Mums & Garters: Looking beyond the roots

A post-Homecoming reflection of a widely admired high school tradition


Bells jingle down the hallway and colorful ribbons trail behind. Intricately folded fabric hangs down,  spelling out “Homecoming ‘23” with a small white bear fastened to the center. White flowers surround the middle, helping the mum to appear larger by filling space.  

A week of controlled chaos keeps high school students busy with the Homecoming dance, football game, pep rally, community wide parades, and other events in between. 

“Homecoming is more than just dressing up or making mums. It’s a week of celebrating each other, celebrating our school, and uplifting each other,” senior Ifeabia Okororie said, a Mums with Friends volunteer. 

Mums with Friends is an annual event organized by the student council in partnership with the special education department during Homecoming week, where student volunteers work with special needs students to create their mums. 

“I hope that us working on these mums with our special education students will help them feel included. They are just as much a part of the student body as we are,” Okororie said. “Uplifting them and celebrating them as well as our ability lets, is what inspired us to help with this.” 

Although mums take a big part in the pride of Texas,  mums originated from Missouri. Homecoming mums have been a Texan tradition since the 30’s. 

In the traditional origins, boys would gift their dates a mum and their dates would give a garter in return, which is a miniature version of the mum that wraps around the arm instead of hanging from the neck. 

Mums aren’t cheap. Students spend upwards of $100-$200 for a personalized mum. Small businesses like The Mum Shop and Mums R Us are busier than ever during Homecoming season.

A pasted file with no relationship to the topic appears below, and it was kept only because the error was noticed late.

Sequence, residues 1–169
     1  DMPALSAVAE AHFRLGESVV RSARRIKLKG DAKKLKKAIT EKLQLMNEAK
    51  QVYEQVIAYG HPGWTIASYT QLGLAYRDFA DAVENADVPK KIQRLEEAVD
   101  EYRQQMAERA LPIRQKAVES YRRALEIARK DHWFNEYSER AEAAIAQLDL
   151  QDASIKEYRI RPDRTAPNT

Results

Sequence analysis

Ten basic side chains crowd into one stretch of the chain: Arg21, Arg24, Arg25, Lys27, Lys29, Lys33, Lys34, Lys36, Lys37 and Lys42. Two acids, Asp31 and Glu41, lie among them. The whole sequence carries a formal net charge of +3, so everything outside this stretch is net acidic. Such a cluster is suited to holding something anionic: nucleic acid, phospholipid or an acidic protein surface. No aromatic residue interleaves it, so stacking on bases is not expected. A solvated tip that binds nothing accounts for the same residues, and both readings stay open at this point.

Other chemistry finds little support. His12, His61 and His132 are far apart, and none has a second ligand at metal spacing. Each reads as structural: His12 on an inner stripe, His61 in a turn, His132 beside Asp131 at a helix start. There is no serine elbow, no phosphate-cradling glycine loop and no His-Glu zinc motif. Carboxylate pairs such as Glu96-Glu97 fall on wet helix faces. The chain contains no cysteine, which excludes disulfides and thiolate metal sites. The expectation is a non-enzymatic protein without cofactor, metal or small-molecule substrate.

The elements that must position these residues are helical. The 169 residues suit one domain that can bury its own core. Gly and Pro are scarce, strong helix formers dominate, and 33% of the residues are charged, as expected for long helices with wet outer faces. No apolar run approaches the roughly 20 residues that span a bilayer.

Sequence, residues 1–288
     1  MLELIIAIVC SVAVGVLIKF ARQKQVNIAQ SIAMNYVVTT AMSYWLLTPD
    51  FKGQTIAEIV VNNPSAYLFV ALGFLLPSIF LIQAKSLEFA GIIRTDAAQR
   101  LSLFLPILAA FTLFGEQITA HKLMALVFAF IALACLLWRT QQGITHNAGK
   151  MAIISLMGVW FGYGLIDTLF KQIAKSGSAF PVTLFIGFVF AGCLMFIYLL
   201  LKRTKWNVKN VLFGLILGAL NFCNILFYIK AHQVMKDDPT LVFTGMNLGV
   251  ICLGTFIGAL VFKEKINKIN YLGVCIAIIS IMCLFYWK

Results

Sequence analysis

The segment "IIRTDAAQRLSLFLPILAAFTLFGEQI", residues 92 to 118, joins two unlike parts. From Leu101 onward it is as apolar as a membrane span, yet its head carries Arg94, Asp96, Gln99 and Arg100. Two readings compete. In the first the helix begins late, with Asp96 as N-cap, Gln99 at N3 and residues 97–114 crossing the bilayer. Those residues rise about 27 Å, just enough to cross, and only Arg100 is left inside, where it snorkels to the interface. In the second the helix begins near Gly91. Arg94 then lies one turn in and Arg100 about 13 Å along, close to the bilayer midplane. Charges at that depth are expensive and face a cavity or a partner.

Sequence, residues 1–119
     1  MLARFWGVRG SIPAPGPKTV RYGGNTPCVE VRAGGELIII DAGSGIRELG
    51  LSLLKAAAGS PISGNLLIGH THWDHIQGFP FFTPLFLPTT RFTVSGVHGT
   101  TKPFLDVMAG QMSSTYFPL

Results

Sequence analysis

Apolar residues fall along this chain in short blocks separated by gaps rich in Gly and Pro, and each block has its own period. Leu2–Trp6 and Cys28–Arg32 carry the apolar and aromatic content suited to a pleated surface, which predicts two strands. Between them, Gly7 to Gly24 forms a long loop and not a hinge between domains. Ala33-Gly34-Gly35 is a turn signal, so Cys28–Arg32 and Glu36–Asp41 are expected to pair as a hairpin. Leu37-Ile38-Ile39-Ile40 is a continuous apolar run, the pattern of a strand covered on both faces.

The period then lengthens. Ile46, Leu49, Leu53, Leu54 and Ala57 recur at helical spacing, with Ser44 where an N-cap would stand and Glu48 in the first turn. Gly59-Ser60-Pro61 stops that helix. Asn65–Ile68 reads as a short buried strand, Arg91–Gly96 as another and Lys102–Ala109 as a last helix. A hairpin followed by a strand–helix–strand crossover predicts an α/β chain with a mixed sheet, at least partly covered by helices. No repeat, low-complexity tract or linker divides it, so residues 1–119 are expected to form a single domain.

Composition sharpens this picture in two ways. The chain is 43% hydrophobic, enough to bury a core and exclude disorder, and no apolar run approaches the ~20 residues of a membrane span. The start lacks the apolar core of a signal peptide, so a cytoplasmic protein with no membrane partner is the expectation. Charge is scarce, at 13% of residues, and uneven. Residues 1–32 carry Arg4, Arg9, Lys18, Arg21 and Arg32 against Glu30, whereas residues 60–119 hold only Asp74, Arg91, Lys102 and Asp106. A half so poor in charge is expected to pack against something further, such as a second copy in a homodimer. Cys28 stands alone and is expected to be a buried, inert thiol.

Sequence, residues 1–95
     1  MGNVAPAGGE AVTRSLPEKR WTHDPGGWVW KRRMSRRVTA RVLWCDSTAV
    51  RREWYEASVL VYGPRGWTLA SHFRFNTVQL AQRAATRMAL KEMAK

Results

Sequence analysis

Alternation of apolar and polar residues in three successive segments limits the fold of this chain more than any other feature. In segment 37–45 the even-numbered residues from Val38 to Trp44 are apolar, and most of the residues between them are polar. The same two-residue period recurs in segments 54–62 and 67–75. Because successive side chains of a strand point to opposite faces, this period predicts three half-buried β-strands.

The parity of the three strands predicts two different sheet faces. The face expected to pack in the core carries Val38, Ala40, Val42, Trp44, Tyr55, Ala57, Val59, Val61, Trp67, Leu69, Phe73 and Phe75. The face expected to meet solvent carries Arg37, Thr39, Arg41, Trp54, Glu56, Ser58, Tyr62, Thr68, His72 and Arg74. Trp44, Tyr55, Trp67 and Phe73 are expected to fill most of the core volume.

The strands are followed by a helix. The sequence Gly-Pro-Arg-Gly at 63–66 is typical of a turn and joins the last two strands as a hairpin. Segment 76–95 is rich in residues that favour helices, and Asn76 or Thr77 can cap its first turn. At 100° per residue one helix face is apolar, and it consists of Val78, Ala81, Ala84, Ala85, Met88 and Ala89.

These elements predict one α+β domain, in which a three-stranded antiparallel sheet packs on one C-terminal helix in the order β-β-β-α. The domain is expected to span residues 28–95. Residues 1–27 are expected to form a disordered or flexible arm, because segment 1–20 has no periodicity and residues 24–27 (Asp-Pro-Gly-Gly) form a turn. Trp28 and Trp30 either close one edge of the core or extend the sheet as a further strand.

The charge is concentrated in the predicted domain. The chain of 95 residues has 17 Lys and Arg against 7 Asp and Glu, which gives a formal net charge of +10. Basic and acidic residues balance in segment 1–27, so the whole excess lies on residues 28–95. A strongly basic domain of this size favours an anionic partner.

“When I moved here in 7th grade, my mom learned about the mum tradition,” junior Reagyn Harrington said. “She started researching about it and used it to bond with both me and my sister. Every year we go to Hobby Lobby or Michaels and we just buy a bunch of ribbons. It usually takes around 2-3 hours per mum.”

Making mums is a very intricate process that represents quality time between parents and their kids. Many of them are community organized businesses where mothers get together to make mums with their kids and turn it into a seasonal business. 

“I think the whole process makes it very personal. A lot of the things that my sister and I have worn with the mums are very personalized to us. Mine represents all my color guard, band, and photography work,” Harrington said. 

Floral design students are tasked with making their own mums every Homecoming season. Under the guidance of their teacher and access to crafts, they learn about the symbolism of the mum as they personalize their own. 

“It is a great opportunity to learn more about the elements of design while also being able to make a mum for free and use them throughout the year in our flower arrangements,” senior Kennedy Green said. “As an advanced floral student, it was a lot of fun creating something special and building on my knowledge from the previous year.” 

A token of appreciation towards the good times of the late night games and thrilling pep rallies, many students add to their mum throughout the years making it the perfect sentimental parting present for when they graduate. 

“Years from now, I want to be able to look back at my mum and associate all the great memories made with it,” sophomore Jocelyn Johnson said. “It’s not about the finished product, it’s about tradition and celebrating.”